<<firm trust, boldness, assurance>>

It is having trust in a person or thing, besides believing in yourself and your abilities. A confident person is prepared to take calculated risks, set goals, is self-motivated, and does what they believe to be right even if criticised. They do not listen to negative self-talk, instead their positive mental attitude coupled with a realistic healthy belief in themselves emanates a feeling of calm, of being in control and able to adequately accomplish what they set out to do; they are not reacting, unsure of themselves, uptight or making excuses for failure. They embark on life’s venture with the firm belief that even though they don’t know all the answers they will likely succeed in what they attempt, and even though they experience failure and setbacks, they will come out stronger in character.

Our confidence can be increased, like any other virtue, by being challenged and stretched outside our comfort zone in manageable steps. Refuse to say ‘I can’t’. Confidence says, ‘I may not be able to on my own, but I know with His help I can. With hope and confidence, I can achieve’. Refuse to let fears inhibit you, act confidently and the mind will step into line. View the challenges of life as opportunities to grow – both in reliance on the Lord and in life skills.  

1/. Confidence in God

Confidence in God’s existence and His involvement in the here and now, together with a grasp of His nature are the essentials to an active faith – the type that He rewards because of its diligence (Heb 11:6).  It is an absolute certainty that He will honour the numerous promises in His Word including; believing He is not a man that He should lie or

The Lord will fulfill His purpose for me – Psalm 138:8

change His mind rather what He has promised will come to pass, heaven awaits us, all things are working for my benefit, the good work He has started in us will be completed one day, and confessed sin is forgiven (Num 23:19; Jn 14:1-3; Rom 8:28; Phil 1:6; 1 Jn 1:9). So the Psalmist advises It is better to trust and have confidence in God than man (Ps 118:8). The wicked trust themselves and fail; the righteous trust God and live (Hab 2:4).

2/. Self-confidence

As stated above our self-worth is important and founded upon the goodness of God’s creation. However self-sufficiency and self-confidence are not always healthy as they may put undue emphasis on our ability to achieve in our own strength for “It’s not by might or [human] power, but by my Spirit says the Lord” (Jdg 7:2, 16:20; Zech 4:6).  In fact, the Bible states, “Cursed is the person who trusts in human effort and turns away from the Lord” (Jer 17:5).  Paul said he could boast of his heritage and self-effort but counted it worthless – “putting no confidence in the flesh” – compared with a right relationship with Christ (Phil 3:3-14). We should never consider any lasting work of God a result of our efforts; rather it is the presence and power of Christ working in and through us. We are to have a correct opinion of ourselves, not thinking of ourselves too highly nor undervaluing our worth (Rom 12:3).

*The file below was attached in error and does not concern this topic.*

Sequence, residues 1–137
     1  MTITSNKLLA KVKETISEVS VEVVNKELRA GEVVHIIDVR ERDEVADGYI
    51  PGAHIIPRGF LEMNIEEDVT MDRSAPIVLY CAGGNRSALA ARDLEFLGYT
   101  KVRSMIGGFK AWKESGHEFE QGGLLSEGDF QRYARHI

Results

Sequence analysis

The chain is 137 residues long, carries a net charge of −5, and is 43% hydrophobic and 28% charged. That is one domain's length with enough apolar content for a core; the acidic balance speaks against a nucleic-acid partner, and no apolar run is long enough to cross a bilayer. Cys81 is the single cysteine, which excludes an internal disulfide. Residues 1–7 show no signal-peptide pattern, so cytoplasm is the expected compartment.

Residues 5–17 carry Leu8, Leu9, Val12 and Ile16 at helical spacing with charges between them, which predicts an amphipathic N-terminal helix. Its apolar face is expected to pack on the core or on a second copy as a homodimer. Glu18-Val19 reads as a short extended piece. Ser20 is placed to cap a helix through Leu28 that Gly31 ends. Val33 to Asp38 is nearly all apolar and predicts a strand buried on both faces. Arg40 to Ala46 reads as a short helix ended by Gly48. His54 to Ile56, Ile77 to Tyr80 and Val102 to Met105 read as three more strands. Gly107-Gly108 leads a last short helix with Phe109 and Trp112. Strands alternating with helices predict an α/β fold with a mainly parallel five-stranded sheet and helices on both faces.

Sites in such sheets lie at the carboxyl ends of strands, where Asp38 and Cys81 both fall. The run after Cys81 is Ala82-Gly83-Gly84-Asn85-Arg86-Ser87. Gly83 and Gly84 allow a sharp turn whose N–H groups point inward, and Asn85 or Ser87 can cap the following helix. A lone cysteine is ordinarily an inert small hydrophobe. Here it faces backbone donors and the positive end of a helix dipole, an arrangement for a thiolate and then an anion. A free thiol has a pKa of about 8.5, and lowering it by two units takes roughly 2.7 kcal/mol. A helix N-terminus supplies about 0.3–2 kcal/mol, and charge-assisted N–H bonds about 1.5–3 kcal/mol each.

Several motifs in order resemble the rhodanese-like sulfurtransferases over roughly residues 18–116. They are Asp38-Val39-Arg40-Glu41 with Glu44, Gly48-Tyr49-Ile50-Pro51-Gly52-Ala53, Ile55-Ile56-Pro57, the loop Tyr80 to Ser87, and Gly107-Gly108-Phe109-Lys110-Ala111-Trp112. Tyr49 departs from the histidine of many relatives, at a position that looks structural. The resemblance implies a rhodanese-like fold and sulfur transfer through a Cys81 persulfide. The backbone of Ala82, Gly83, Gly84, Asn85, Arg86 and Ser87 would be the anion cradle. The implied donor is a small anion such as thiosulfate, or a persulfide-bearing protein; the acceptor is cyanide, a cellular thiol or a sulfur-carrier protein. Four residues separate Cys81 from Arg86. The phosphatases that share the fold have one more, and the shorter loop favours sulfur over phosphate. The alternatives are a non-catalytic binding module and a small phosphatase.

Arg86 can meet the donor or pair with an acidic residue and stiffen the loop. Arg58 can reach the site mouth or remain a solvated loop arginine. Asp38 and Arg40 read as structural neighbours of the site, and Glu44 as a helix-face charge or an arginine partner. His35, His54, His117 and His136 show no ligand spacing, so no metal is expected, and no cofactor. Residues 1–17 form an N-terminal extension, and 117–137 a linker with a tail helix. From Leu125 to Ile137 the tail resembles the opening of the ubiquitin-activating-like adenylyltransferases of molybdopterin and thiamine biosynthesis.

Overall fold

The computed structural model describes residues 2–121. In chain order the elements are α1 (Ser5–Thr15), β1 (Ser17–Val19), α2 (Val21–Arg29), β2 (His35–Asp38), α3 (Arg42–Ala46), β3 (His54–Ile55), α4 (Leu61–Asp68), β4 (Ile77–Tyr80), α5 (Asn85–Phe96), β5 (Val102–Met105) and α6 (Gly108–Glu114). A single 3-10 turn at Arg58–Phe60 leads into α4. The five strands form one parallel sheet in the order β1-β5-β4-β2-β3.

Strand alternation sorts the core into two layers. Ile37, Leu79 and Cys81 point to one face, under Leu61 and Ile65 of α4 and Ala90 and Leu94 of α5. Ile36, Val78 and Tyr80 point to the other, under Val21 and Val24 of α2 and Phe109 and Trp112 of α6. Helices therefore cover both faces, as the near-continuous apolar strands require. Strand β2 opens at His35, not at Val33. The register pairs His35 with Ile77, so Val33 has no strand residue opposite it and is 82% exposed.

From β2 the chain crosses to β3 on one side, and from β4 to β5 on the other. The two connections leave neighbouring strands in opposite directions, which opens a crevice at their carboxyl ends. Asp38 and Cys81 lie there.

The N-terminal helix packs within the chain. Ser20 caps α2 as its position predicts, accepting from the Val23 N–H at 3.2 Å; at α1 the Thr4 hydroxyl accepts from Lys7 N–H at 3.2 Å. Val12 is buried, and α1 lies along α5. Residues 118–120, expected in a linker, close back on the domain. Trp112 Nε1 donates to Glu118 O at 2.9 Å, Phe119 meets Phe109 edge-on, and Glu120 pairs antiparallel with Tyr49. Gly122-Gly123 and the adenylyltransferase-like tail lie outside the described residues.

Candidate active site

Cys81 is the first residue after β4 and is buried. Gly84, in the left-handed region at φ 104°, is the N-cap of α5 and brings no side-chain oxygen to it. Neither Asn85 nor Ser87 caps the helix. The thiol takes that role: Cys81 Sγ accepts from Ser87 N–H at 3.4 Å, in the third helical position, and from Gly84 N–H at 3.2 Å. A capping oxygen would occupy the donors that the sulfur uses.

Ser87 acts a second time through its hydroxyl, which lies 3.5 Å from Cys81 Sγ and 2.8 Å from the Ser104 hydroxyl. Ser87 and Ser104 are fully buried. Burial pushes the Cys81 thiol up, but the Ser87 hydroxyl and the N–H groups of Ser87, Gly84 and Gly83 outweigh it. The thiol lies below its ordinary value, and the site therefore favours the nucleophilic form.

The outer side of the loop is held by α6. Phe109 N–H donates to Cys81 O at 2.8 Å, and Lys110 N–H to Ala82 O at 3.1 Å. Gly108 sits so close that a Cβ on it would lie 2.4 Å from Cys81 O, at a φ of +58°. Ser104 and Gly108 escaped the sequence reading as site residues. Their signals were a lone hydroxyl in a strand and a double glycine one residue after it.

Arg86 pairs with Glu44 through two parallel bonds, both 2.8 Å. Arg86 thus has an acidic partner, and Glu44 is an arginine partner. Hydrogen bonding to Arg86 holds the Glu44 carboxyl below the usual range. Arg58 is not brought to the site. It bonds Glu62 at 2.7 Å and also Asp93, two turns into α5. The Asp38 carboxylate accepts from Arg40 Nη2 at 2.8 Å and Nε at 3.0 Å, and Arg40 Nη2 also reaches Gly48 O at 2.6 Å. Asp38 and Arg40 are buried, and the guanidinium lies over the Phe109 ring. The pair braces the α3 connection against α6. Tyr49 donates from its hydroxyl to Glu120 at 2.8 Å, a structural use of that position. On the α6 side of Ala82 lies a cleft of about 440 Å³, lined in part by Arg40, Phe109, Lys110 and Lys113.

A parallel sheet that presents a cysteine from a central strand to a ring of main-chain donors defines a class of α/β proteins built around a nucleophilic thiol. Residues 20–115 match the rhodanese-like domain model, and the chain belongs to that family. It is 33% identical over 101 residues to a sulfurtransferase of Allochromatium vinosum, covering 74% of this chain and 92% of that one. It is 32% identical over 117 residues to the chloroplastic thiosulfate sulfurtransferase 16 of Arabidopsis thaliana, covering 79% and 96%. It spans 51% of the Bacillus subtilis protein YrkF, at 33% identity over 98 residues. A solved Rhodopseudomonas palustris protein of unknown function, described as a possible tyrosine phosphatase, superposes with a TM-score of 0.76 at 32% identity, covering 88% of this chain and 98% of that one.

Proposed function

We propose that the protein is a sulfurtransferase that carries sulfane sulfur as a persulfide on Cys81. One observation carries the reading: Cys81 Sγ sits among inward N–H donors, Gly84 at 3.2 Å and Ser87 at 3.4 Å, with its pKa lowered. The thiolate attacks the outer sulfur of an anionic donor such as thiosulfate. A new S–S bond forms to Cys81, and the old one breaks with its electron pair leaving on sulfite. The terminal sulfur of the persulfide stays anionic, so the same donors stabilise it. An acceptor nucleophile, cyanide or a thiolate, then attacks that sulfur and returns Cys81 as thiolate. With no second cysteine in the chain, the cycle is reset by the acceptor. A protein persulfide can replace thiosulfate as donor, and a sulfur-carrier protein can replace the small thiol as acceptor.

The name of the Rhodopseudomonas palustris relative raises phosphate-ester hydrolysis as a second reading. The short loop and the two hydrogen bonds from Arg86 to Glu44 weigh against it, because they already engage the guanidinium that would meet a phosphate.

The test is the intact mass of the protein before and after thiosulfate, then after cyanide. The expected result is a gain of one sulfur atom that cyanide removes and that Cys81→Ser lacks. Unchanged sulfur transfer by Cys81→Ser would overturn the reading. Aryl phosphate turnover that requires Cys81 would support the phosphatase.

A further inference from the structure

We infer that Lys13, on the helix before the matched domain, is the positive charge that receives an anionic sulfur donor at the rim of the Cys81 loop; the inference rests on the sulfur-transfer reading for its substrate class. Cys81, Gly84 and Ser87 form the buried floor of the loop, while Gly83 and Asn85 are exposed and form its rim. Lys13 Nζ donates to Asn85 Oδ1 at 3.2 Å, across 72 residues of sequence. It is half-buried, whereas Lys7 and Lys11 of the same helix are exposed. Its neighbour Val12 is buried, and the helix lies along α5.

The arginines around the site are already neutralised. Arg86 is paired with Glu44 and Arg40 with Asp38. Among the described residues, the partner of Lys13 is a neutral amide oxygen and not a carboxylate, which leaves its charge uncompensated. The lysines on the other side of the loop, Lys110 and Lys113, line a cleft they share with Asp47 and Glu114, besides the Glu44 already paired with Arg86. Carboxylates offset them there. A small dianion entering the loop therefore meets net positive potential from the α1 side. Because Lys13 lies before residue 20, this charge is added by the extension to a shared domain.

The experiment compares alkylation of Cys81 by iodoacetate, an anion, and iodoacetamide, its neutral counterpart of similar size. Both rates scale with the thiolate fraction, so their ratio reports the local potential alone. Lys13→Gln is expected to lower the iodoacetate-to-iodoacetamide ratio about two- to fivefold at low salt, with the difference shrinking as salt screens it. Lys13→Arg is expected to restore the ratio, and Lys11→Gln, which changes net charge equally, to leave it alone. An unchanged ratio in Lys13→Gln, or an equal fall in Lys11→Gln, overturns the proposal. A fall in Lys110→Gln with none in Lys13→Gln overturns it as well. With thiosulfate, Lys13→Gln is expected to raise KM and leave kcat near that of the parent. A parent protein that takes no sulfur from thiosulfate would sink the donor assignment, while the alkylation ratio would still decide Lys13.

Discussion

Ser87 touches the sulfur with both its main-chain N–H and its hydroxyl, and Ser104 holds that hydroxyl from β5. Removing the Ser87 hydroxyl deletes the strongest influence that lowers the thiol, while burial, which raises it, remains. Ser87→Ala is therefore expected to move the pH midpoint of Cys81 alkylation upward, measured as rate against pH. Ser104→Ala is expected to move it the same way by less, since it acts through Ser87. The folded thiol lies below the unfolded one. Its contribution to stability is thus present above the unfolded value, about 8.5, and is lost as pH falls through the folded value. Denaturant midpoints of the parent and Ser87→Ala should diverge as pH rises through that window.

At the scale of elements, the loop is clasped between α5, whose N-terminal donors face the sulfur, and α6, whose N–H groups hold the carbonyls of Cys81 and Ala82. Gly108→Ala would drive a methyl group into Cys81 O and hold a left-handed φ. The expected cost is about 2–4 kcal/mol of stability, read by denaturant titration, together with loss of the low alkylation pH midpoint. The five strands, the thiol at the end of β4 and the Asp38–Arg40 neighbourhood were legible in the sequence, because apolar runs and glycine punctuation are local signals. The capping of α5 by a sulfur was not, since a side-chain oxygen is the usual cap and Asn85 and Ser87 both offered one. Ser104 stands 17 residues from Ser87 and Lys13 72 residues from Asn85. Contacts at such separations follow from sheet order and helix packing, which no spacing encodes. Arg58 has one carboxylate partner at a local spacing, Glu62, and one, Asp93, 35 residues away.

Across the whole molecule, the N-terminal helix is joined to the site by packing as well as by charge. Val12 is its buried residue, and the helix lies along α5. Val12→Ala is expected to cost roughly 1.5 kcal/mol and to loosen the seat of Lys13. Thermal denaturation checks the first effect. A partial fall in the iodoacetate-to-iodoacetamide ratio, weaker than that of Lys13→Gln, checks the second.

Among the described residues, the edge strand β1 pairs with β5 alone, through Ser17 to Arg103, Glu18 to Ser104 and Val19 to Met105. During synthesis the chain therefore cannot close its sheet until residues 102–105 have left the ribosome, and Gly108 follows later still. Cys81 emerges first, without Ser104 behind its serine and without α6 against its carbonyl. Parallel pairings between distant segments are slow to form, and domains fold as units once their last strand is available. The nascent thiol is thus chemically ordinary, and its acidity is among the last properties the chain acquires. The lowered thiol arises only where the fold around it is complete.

Jesus did not act independently of God, but said, “Of my own self I can do nothing” (Jn 5:19,30, 8:28, 12:49, 14:10).  “He [God] is my confidence…I can do all things through Christ Jesus” (Prov 3:26; Phil 4:13). ‘Work as if everything depends on you, yet pray as if it all depends on God’ is a good motto to

I will co-operate with God

live by.  Remember, it is co-operation with God – my availability and God’s ability. Just as Jesus didn’t accomplish anything except by God’s ability we also won't be able to accomplish anything of eternal worth unless we are intimately connected to Him and let His life flow through us, “For apart from me you can do nothing” (Jn 15:4,5). It is acknowledging I can’t, but when I am connected to Him I can. This relationship to Christ is the secret to my confidence.  It is based not on fear but love. The more I am aware of my human weaknesses and lack of ability the more I reach out to draw on His strength.

If our hearts do not condemn us (because of sin), we can confidently ask and receive because we do what pleases Him (1 Jn 3:21,22, 5:14).

3/. Diffidence

A lack of confidence affects our self-worth and produces criticism, pulling others down while justifying self. We must believe in ourselves (our value, worth, ability) and ask God to supply what is lacking as we also work on strengthening those areas of deficiency. 

I make myself available to you Lord

Study diligently yet rely on the Holy Spirit to assist and give wisdom.  New challenges are a struggle to those who lack self-confidence; consequently, often they shrink back by excusing themselves because of insufficient ability, training or experience. Moses and Jeremiah both made excuses why God could not use them (Ex 6:30; Jer 1:6-8). Count it a high privilege that God wants to work in and through you, and in humility say like Mary, “I am the Lord’s servant, may your word to me be fulfilled” (Lk 1:38). Satan would have us eliminate ourselves from the divine purposes but don’t let him steal your potential or prevent you being what God has called you to be. God is powerful and can help you overcome the limitations and weaknesses of humanity, for “Greater is He [Holy Spirit] in you, than he [Satan] who is in the world’ (1 Jn 4:4). God wants available channels to work through, as He will supply the ability. Under no circumstances discard your confidence in Christ instead be prepared for his coming (Heb 10:35; 1 Jn 2:28).

See also: ability, assurance, available, comfort zone, faith, positive mental attitude, practice, self-acceptance, self-confident, self-esteem, self-sufficiency, trust.